Brexit remains key factor in construction contractor market forecast
Brexit remains a key factor influencing the forecast with the continued uncertainty impacting expansion plans for businesses as well as consumer spending and confidence. This lack of clarity about the future of the UK outside the EU is beginning to have more marked implications for the construction sector particularly in the form of deferred investment levels.
The construction industry continues to face acute labour shortages in specific areas – notably trades such as scaffolding, bricklaying, roofing, carpentry, plastering and plant operatives. In addition, there is an increased demand for non-construction professional, technical, IT, and other office–based staff and a high demand for construction managers and project managers.
With over £12bn worth of schemes with detailed planning, the commercial office sub-sector is expected to account for around 10% of the total value of projects in the forward pipeline (£12bn), driven by continued demand for space which still outstrips supply. Whilst demand in London from traditional occupiers such as the finance sector has declined, other major cities are seeing increased demand and are expected to represent an increasing share of the forward pipeline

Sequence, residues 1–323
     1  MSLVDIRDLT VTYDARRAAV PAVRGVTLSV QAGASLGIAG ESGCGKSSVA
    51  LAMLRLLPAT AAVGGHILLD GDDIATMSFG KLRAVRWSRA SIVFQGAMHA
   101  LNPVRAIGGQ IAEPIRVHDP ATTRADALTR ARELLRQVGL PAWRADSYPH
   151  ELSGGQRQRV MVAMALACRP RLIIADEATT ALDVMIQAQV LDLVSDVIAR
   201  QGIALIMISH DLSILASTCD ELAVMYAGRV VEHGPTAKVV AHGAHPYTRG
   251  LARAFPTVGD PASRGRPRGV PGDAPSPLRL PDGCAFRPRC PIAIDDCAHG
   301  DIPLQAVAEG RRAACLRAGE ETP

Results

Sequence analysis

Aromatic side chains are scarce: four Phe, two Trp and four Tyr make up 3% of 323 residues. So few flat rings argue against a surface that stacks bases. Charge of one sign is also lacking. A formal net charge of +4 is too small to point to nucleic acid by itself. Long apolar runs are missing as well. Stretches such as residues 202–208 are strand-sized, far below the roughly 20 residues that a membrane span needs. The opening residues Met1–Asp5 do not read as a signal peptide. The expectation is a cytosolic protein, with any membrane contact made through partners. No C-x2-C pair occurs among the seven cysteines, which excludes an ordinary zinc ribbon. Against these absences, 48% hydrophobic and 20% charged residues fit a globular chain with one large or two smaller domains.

London represents around 23% of the total planning pipeline in terms of value (£29bn), with key sectors of activity expected to be focussed in the commercial office sector (namely TMT, professional and business services) and in the entertainment & leisure sector (namely hotels). The regions of London expected to see the highest activity include in the City, Westminster, Stratford, Tower Hamlets and Wembley areas. Key sectors are expected to include commercial office, infrastructure and residential
Growth is forecast to reduce to around 2% for 2019-20 and increase to 3% annual growth rate to 2024 when total construction output is forecast to be around £195.8bn. The forecast has been amended to take into account the recent review of construction data carried out by ONS and the uncertainty surrounding the future trading position of the UK, which is reflected in the steady, if modest, annual output growth levels to 2024.